A few months, after eating the porridge EFUNTAJOBO became pregnant. When OYENUBI and ADESOLA saw this they vowed to do something about it. They did not succeed until the day of her delivery when realising that they were the only two to deliver EFUNTAJOBO’s child. After the delivery OYENUBI replaced the child with a STONE AND THREW THE REAL CHILD INTO THE LAGOON. When the king was told that EFUNTAJOBO gave birth to a stone he was horrified and quickly summoned the chiefs and elders of the town. The king then ordered that EFUNTAJOBO be killed but ABORE and PAMIPAMI waved this judgement to imprisonment in the OGIDIKOKO forest. The forest is where thieves are thrown for wild beats to eat instead of mercifully beheading them. With the stone in a calabash EFUNTAJOBO was escorted by two chiefs to the entrance of OGIDIKOKO forest.

As the new born was thrown into the sea, the priestess of the sea god saw a vision of the sea god carrying up a child.

A year or so after EFUNTAJOBO had gone into the forest, her father fell ill and the son –OGUNDARE offered to go into the forest to obtain some herbs. While cutting the herbs he heard two henchmen discussing how they plan to kill EFUNTAJOBO in the OGIDIKOKO forest. He engaged them in a fight and eventually succeeded in killing one of them. He went to give himself up at the palace but not before, the henchman who escaped had reported the incident. Although, the king ordered OGUNDARE to be tied to the ‘OGUN” shrine, the ABORE wanted him beheaded. But, the king overruled him having been warned by the priest. OMISORE later succeeded in realising OGUNDARE. They both ran into the forest. When PAMIPAMI heard he sent some if his henchmen after them.

One day, about four years after EFUNTAJOBO had been sent into the OGIDIKOKO forest, a boy emerged from the sea after a brief storm. This boy headed for the village and eventually sat in the shrine in front of the king’s palace. All the villagers and the king came out to see and question the wonder boy. The boy refused to answer any question. The king then sent for the priestess of the sea god who replied through the messengers sent by the king that the child should be fed with crabs and oysters till she came. She promised to visit the village four days hence.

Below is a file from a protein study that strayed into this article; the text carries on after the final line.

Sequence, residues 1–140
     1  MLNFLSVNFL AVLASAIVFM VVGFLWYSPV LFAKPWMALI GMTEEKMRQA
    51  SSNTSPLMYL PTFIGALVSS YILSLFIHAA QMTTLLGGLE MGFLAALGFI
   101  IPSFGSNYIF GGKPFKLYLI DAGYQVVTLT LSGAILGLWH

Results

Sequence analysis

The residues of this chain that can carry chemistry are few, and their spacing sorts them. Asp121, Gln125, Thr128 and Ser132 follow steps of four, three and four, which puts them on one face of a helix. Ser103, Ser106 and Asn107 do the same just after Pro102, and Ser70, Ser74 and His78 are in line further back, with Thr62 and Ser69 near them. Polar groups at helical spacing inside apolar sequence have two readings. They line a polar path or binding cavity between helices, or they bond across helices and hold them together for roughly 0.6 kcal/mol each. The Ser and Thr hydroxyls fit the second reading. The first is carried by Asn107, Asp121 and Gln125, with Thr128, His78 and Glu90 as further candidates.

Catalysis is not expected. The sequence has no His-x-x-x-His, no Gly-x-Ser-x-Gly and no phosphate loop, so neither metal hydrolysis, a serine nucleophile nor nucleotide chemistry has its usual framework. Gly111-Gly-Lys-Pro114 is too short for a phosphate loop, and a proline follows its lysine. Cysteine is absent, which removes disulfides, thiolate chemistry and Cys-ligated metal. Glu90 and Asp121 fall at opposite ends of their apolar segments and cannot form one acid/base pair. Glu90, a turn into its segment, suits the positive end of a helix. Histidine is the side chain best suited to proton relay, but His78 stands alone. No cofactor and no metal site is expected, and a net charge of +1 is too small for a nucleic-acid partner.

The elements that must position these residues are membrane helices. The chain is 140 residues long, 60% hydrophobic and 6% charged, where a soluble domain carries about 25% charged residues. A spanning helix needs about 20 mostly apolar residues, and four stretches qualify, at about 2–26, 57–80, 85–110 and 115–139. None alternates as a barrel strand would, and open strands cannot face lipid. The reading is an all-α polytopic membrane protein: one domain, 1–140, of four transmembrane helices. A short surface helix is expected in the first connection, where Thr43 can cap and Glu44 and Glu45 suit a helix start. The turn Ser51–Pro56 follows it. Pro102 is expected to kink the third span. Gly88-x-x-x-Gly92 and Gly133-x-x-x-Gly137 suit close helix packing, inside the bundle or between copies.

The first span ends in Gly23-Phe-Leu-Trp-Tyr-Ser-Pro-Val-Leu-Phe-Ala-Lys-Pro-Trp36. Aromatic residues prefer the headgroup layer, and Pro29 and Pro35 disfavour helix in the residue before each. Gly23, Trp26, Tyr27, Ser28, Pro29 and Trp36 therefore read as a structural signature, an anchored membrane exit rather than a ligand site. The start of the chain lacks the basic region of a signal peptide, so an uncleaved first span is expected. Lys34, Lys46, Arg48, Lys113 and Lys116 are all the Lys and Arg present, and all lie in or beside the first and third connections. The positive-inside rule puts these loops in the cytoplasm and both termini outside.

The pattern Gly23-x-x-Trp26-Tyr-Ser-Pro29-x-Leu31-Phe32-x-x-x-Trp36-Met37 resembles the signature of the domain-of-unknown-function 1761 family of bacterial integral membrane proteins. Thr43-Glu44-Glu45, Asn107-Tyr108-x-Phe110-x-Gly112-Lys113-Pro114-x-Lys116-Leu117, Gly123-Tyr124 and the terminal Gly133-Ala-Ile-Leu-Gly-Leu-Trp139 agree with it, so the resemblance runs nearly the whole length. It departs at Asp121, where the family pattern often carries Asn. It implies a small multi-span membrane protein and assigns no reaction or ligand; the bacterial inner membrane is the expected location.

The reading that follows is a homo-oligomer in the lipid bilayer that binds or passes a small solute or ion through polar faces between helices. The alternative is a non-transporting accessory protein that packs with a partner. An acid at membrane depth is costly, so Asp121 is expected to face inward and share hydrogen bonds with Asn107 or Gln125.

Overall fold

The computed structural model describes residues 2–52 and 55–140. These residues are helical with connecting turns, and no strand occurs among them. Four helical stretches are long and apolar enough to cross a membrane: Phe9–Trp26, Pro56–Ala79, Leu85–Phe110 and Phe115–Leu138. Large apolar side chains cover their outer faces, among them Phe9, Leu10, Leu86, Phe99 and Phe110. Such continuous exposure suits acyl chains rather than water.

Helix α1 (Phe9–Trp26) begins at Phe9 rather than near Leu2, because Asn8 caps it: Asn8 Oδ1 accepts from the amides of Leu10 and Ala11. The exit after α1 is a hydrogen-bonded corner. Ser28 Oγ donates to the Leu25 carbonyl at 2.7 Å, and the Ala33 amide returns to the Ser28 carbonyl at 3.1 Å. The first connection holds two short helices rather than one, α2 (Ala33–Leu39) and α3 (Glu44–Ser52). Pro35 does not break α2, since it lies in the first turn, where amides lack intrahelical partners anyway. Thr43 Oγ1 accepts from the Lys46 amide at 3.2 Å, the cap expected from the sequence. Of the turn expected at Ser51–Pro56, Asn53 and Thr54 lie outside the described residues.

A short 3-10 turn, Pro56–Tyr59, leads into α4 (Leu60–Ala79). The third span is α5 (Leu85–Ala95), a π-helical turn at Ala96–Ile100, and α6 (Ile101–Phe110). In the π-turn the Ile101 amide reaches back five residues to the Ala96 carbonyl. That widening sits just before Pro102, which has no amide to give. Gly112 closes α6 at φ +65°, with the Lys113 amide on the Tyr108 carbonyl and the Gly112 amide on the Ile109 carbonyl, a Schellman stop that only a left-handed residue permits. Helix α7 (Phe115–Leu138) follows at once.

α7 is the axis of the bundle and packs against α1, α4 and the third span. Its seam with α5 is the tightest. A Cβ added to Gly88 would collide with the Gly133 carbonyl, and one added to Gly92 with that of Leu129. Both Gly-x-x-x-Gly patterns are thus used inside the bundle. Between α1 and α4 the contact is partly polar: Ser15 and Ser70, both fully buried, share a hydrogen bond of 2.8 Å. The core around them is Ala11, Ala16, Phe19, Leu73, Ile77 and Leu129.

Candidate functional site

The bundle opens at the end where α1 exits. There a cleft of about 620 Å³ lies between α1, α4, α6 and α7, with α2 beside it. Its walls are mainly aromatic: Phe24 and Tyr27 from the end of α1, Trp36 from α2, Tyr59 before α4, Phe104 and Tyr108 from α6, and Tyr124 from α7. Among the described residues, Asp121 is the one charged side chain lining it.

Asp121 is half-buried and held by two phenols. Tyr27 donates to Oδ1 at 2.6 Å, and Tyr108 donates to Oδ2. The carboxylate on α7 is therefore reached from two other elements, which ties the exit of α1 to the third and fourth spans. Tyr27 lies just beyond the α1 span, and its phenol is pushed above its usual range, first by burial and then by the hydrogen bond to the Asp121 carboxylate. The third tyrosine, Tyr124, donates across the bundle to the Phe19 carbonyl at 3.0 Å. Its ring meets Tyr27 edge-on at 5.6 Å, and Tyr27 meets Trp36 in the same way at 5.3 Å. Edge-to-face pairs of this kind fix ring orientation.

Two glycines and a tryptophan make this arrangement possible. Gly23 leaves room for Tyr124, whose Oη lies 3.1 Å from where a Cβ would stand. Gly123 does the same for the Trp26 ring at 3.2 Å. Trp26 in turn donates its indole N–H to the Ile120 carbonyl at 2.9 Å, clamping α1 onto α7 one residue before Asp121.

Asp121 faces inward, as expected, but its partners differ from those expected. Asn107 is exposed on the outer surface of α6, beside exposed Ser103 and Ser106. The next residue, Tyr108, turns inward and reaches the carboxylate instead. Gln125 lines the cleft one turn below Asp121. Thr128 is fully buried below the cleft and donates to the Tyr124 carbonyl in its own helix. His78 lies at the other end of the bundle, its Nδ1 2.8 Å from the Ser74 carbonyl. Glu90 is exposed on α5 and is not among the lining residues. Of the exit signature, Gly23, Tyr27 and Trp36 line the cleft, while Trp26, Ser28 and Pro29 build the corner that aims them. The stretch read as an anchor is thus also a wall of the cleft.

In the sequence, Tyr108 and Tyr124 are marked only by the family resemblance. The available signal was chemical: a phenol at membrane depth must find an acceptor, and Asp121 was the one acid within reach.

When the priestess came she performed some rites in front of the whole village including EFUNTAJOBO who had mysteriously found her way into the village. She asked the boy a few questions to which he replied that he had come to join his mother. The priestess then asked him to pick his mother. To the surprise of all he picked EFUNTAJOBO who was immediately clothed and chosen as the regent’s mother.

The priestess of the sea god then narrated to all present all what ABORE and PAMIPAMI had done. She also accused the king’s wives – OYENUBI and ADESOLA of throwing the new born into the sea. The king then ordered that the two wives be thrown into the sea with stones tied around their necks. Both the ABORE and PAMIPAMI took to their heels but ABORE was caught and beheaded while PAMIPAMI hung himself with a rope in the forest.

The king, EFUNTAJOBO and the wonder boy –ORIADEKIIGBE then danced happily and lived ever after with ORIADEKIIGBE succeeding the king.